Jamaica cannot go on like this, says Opposition leader
GOLDING... suggests that emphasis be placed on implementingadditional social programmes and educational resources

MONTEGO BAY, St James — Opposition Leader Mark Golding Tuesday blasted the Government for the current crime wave being experienced across the island, and accused the Administration of mismanaging the national security of the country.

At the same time, Golding called for resignation of Security Minister Horace Chang, saying his tenure has been an abject failure, leaving Jamaicans feeling frightened, hopeless and in despair.

Meanwhile, he issued a 60-day ultimatum to Commissioner of Police Major General Antony Anderson, whom he said should be replaced at the end of the period if he is unable to deliver a strategic crime-fighting approach that does not involve “abrogating our fundamental rights and freedoms”.

Golding, president of the People's National Party (PNP), was speaking at virtual press conference Tuesday morning.

“... Jamaica has witnessed a 10 per cent increase in murders in 2021, and a 19 per cent increase in murders over the first three or so weeks of 2022 with 112 people being killed in just 23 days,” Golding said.

“Jamaica cannot go on like this. There must be accountability for such poor performance in the critical area of national security,” he said.

Golding also charged that the current approach to crime fighting in Jamaica has caused more harm than good, as it lacks the social investment programmes which are needed to tackle the problem from the ground up.

“More fundamentally, the Government's approach to national security is unbalanced and has led Jamaica to becoming an increasingly violent and dangerous place. Generally speaking, Jamaica needs to tackle the deep inequalities in our society by investing and repairing the most egregious manifestations of that inequality if we are to achieve sustained improvements in our national security situation,” the Opposition leader said.

“There is no other way forward [and] the Government's approach to national security completely ignores this reality. Crime prevention programmes... like the Peace Management Initiative (PMI) and Unite for Change have been defunded or abandoned all together with no effective replacement,” Golding argued.

He continued: “Community action to prevent disputes from escalating into a series of reprisals must be a critical part of violence reduction strategies in Jamaica, but this has been ignored by the government.”

With the topic of a crime plan a sore point for the leaders of the country, Golding suggested that emphasis be placed on implementing additional social programmes and educational resources as a method.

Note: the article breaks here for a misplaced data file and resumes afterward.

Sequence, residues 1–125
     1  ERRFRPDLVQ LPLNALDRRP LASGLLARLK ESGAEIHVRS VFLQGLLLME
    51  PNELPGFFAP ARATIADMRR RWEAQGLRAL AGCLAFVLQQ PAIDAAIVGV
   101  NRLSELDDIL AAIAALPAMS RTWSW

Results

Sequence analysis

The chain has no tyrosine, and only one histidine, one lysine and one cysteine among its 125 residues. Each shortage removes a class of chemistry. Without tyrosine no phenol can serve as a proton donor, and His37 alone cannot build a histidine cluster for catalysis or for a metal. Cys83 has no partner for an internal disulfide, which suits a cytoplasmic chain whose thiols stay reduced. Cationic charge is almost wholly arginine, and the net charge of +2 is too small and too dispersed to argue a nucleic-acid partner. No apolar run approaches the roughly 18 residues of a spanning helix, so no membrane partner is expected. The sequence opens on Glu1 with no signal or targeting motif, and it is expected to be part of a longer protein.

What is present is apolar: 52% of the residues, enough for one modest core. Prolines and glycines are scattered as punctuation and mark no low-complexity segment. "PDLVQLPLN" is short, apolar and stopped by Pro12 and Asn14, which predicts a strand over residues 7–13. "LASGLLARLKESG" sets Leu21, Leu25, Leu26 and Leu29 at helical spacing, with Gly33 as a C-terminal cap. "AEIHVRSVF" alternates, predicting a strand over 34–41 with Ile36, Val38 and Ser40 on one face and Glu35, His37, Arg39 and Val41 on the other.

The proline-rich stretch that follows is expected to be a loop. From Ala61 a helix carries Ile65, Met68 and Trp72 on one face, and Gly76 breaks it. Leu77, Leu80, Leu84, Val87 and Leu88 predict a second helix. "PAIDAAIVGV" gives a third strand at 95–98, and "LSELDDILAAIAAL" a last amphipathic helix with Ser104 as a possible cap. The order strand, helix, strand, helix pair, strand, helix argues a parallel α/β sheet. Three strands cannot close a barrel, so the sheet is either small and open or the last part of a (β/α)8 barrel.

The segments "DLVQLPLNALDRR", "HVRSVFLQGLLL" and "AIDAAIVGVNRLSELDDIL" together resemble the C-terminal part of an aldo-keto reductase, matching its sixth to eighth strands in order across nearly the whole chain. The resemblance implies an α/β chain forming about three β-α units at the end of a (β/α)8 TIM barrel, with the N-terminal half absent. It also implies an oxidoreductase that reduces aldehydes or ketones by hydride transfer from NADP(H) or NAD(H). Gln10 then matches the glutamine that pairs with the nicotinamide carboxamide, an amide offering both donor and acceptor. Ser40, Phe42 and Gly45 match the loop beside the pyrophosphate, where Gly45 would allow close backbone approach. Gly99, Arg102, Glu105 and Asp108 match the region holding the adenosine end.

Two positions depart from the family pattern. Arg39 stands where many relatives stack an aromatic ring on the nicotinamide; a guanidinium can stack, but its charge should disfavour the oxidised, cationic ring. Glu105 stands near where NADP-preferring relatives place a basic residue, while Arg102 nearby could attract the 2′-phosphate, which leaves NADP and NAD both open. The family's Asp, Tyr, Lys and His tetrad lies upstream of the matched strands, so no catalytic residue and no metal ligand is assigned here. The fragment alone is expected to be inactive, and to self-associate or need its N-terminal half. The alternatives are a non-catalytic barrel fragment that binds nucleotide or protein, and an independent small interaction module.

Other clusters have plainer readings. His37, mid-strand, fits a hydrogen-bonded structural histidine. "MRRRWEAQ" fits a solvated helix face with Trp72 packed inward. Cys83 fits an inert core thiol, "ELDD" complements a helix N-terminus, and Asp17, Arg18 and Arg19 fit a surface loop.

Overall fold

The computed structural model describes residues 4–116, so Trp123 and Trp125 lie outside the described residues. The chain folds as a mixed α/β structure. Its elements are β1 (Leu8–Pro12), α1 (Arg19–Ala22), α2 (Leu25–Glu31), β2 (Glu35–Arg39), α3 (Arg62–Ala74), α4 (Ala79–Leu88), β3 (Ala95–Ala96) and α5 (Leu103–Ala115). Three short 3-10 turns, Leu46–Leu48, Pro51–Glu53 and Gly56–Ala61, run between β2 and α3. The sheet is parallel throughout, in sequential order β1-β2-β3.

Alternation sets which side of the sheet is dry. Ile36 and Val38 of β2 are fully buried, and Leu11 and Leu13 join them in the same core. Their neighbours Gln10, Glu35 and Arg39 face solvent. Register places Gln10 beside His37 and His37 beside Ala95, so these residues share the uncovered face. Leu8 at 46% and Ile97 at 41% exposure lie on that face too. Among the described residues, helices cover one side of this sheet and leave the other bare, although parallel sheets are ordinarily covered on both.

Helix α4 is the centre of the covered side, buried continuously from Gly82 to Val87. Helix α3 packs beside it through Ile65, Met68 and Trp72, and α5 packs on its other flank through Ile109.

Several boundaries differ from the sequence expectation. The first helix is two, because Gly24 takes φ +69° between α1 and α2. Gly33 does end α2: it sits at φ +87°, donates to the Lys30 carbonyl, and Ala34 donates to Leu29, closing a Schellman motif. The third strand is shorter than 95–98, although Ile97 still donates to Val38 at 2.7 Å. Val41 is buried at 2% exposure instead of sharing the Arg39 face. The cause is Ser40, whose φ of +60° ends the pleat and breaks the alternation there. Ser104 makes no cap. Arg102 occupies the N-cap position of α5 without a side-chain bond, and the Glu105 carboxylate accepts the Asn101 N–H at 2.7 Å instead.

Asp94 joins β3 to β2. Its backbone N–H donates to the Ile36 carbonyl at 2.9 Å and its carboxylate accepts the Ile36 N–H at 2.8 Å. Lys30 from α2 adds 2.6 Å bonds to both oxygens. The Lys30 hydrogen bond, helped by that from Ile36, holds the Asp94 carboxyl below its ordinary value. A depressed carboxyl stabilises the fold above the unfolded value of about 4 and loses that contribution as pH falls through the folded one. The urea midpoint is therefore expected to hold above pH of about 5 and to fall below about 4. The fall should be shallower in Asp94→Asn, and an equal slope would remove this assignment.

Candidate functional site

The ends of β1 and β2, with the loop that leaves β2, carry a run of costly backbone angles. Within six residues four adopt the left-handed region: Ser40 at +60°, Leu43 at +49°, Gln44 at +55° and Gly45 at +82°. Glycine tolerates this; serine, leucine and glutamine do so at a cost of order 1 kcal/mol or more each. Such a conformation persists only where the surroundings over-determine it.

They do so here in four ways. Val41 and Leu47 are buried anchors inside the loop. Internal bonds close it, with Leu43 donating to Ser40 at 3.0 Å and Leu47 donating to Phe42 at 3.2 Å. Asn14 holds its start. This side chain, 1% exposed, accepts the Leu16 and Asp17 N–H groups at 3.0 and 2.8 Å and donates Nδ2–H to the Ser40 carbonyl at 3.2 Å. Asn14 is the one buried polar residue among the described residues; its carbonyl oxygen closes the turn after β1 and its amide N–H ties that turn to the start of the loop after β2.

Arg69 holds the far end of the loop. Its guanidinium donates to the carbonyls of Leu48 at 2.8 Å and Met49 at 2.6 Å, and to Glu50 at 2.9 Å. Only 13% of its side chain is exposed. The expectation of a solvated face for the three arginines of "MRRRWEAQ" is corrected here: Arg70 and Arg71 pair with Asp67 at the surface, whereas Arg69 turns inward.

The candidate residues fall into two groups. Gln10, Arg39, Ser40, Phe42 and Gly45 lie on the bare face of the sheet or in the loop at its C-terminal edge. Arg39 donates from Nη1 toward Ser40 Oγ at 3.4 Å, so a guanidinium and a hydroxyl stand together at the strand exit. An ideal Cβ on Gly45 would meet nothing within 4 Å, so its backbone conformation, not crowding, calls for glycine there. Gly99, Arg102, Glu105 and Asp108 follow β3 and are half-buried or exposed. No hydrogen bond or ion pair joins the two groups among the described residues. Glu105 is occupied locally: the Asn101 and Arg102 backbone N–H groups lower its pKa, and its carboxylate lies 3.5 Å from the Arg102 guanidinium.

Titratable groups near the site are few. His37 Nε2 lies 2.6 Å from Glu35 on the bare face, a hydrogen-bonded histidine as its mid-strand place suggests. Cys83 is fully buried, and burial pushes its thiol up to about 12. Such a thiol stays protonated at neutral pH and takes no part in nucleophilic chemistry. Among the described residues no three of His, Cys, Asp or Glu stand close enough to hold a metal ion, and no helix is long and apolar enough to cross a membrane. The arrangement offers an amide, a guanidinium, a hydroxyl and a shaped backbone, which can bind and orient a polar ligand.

“Jamaica needs a national, well-funded, well-designed holistic programme to give the hundreds of thousands of youths who have been failed by our school system a chance to become productive citizens through mentoring, skills training and life coaching. The education system, which is in crisis and is failing a substantial percentage of the children who go through it, needs transformation especially at the early childhood and primary levels so that all Jamaican children who move into secondary school can already read, write and do basic arithmetic proficiently,” said Golding.

“There is no reason why our children should not be able to achieve that. They are bright, talented and capable, but the system is failing far too many of them,” he added.

Additionally, Golding said, the Jamaica Constabulary Force (JCF) should benefit from additional resources to help in their overall management of crime across the island, noting that while Government has acquired resources for the Jamaica Defence Force, the JCF has been left “deprived of critical resources”.

“The additional resources that have become available to the Government because of the success of Jamaica's fiscal reforms over the last eight or so years have been skewed heavily towards providing ships, aircraft and other expensive capital equipment to the military. As needed as those things are, the police force, which has primary responsibility for law enforcement and fighting crime in our violence-torn society, has been deprived of critical resources to improve their operating capacity and effectiveness,” the Opposition leader noted.

BY ROCHELLE CLAYTON Observer staff reporter claytonr@jamicaobserver.com

Now you can read the Jamaica Observer ePaper anytime, anywhere. The Jamaica Observer ePaper is available to you at home or at work, and is the same edition as the printed copy available at https://bit.ly/epaper-login


  1. We welcome reader comments on the top stories of the day. Some comments may be republished on the website or in the newspaper; email addresses will not be published.
  2. Please understand that comments are moderated and it is not always possible to publish all that have been submitted. We will, however, try to publish comments that are representative of all received.
  3. We ask that comments are civil and free of libellous or hateful material. Also please stick to the topic under discussion.
  4. Please do not write in block capitals since this makes your comment hard to read.
  5. Please don't use the comments to advertise. However, our advertising department can be more than accommodating if emailed: advertising@jamaicaobserver.com.
  6. If readers wish to report offensive comments, suggest a correction or share a story then please email: community@jamaicaobserver.com.
  7. Lastly, read our Terms and Conditions and Privacy Policy